gvartsen, 2006) and behavior is becoming increasingly
recognized as useful for identifying ill animals (reviewed
by Weary et al., 2009). Recent studies have determined
that feeding and standing behaviors can identify cows
at risk for postpartum disease (reviewed by Sepúlveda-
Varas et al., 2013). To our knowledge, no research has
determined whether cows will isolate themselves when
ill.
On many commercial dairy farms cows are given
little opportunity to isolate when calving or when ill.
Management and housing of cows at calving and dur-
ing illness is highly variable; cows are typically either
housed in group pens or individual maternity or hos-
pital pens (e.g., Fogsgaard et al., 2012a). Individual
pens are often in high-traffic areas, allowing producers
easy access to monitor ill and calving cows. In the cur-
rent study, we modified an individual pen to allow cows
Dairy cows seek isolation at calving and when ill
K. L. Proudfoot ,*† M. B. Jensen ,‡ D. M. Weary ,* and M. A. G. von Keyserlingk *1
* Animal Welfare Program, Faculty of Land and Food Systems, University of British Columbia, 2357 Main Mall, Vancouver, British Columbia,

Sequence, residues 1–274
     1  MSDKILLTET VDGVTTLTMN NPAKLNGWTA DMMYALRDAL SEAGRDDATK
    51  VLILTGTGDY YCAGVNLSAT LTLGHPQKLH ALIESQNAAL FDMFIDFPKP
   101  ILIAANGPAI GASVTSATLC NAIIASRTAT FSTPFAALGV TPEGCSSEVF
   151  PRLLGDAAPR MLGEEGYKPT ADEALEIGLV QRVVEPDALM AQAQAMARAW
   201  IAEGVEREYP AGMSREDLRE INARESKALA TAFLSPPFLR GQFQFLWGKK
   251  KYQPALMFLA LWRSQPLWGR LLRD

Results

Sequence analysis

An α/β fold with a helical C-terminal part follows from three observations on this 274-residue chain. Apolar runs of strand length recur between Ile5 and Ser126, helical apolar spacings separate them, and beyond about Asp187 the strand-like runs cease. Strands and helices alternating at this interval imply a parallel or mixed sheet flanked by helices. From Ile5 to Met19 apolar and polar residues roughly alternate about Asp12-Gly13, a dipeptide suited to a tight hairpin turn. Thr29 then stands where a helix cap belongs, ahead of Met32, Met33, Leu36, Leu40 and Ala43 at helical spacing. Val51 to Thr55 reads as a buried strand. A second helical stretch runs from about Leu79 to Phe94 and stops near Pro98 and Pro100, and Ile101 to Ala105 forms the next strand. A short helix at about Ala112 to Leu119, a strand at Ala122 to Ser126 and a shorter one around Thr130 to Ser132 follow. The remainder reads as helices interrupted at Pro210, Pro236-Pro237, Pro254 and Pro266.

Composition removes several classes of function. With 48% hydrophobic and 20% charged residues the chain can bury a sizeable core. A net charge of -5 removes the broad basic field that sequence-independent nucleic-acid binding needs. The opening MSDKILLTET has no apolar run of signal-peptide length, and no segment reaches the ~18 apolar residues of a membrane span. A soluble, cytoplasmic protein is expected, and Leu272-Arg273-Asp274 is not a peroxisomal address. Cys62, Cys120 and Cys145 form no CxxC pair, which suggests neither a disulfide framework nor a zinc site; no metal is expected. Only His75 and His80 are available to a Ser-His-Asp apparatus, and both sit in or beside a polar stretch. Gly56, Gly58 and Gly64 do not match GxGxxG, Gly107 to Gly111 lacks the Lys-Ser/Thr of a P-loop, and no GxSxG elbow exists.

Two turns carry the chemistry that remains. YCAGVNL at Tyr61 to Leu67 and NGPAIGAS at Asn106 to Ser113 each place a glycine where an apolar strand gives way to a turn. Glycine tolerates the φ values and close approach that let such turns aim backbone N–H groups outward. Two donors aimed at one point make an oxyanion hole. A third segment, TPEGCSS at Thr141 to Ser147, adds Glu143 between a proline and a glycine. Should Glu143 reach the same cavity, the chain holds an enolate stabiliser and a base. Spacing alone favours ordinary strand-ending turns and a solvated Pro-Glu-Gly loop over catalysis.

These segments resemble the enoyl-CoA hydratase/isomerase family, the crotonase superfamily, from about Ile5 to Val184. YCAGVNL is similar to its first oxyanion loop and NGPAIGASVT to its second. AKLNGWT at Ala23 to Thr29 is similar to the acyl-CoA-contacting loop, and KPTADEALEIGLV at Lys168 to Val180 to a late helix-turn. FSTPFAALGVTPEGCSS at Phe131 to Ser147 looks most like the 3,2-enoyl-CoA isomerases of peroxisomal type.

V6T 1Z4, Canada
Department of Veterinary Preventive Medicine, College of Veterinary Medicine, The Ohio State University, Columbus 43210
Department of Animal Science, Aarhus University, Blichers Allé 20, PO Box 50, DK-8830 Tjele, Denmark
Received July 21, 2013.
Accepted January 22, 2014.
1
Corresponding author: nina@mail.ubc.ca
2732 PROUDFOOT ET AL.
Journal of Dairy Science Vol. 97 No. 5, 2014
some visual isolation from herd mates during calving
and the first few days after calving. Our objectives were
to determine if (1) cows were more likely to calve in a
secluded area and (2) cows that became ill after calving
would spend more time in the secluded area.
MATERIALS AND METHODS
The experiment took place at the Aarhus University
cattle research facility (Foulum, Denmark) between
September 2011 and February 2012. Cows were cared
for according to a protocol approved by the Danish
Animal Experiments Inspectorate, Ministry of Justice
(Copenhagen, Denmark) and the University of British
Columbia Animal Care Committee (Vancouver, BC,
Canada; CCAC, 2009).
Animals and Housing
The experiment began with 79 multiparous Danish
Holstein dairy cows. Before calving, cows were grouped
based on expected calving date into 6 blocks with a
mean of 14.7 cows each (SD = 1.5; minimum = 12,
maximum = 16). The entire block was moved into 1 of
2 group pens (each 9 × 15 m; Figure 1) approximately 2
wk before the first expected calving date of cows within
that block. Group pens had deep straw bedding and 12
individual feeding bins (each 75 cm wide).
Individual cows were moved into maternity pens
either before or during signs of labor. Cows were al-
ternately moved into uncovered and partially covered
pens, starting with the pen nearest to the feeding
troughs. The time at which cows were moved into the